Aimee Mann, rocker, singer, songwriter, is in the news today not because of her music but because she alleges in a lawsuit that she's not being properly paid for her music to be streamed over the Internet.
Mann is claiming damages for abuse of licensing for 120 of her tracks, and she's looking for up to $18 million. That's a crazy figure, but Mann's argument may be anything but crazy. The company in question is MediaNet, which began as a venture that EMI, BMG, RealNetworks, and AOL all paid for before going to a private equity firm in 2005. It claims to be the license holder for about 22 million tracks, and sells its licenses--and thus enables music to be streamed--to about 40 online services including Yahoo Music. But Mann says the company doesn't actually hold the rights to her songs.
The lawsuit strikes at the messy tangle of laws and agreements that cover streaming music licenses in the U.S., and effectively says artists are being shortchanged by companies that are making money out of the digital music revolution. Mann's voice is joining the likes of Radiohead's Thom Yorke, who also claims that streaming music services are shortchanging artists. While neither of these two successful, creative folks exactly needs the money, they are powerful figures in the industry, and their actions may have repercussions for artists who don't have their status.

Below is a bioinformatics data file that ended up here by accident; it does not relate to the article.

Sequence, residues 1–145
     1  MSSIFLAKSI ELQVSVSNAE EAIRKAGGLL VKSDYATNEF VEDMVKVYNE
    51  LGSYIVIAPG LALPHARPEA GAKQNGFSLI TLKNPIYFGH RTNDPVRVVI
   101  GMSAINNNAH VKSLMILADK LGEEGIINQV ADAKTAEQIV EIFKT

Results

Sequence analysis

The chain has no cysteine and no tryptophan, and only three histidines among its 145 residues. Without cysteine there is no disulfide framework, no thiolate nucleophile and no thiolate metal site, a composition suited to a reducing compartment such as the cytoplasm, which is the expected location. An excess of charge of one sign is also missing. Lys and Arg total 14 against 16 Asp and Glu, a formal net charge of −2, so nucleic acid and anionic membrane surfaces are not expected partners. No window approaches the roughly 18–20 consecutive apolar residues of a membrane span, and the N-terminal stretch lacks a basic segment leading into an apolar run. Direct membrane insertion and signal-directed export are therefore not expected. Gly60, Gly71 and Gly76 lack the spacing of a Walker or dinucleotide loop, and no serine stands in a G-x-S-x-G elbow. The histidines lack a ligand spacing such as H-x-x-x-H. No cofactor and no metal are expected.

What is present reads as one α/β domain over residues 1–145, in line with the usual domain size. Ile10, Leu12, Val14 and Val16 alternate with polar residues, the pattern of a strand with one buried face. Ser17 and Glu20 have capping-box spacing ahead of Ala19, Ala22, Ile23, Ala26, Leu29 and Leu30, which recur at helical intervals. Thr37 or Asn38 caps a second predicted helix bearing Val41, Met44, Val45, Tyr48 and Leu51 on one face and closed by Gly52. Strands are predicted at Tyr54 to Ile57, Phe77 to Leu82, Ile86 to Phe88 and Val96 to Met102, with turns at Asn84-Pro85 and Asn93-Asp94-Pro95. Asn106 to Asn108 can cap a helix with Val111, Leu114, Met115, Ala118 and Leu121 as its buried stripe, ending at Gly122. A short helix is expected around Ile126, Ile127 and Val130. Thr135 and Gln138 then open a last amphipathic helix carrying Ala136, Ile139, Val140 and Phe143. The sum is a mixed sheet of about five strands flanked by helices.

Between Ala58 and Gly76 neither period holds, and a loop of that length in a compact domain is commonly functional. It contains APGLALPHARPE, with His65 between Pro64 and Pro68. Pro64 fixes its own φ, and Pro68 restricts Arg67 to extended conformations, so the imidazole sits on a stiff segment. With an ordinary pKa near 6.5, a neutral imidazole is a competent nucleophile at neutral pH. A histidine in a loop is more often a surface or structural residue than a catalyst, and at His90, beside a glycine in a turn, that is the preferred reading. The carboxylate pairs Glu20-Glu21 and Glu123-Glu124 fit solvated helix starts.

Every year, Fast Company names its 100 Most Creative People, highlighting the global leaders in tech, design, media, music, movies, marketing, television, sports, and more. Mann, and other thought leaders, will be considered for 2014's list.
[Image: By Flickr user Jessica F.]